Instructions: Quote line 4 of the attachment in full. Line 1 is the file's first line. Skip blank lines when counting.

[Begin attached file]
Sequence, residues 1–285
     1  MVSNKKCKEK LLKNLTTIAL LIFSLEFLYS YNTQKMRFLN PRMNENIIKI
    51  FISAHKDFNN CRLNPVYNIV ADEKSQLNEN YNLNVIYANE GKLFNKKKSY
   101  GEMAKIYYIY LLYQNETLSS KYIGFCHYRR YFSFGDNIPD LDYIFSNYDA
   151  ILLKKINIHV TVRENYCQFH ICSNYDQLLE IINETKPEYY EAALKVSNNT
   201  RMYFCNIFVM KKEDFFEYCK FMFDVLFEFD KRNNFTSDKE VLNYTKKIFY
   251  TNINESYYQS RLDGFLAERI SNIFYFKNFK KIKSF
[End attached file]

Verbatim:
   101  GEMAKIYYIY LLYQNETLSS KYIGFCHYRR YFSFGDNIPD LDYIFSNYDA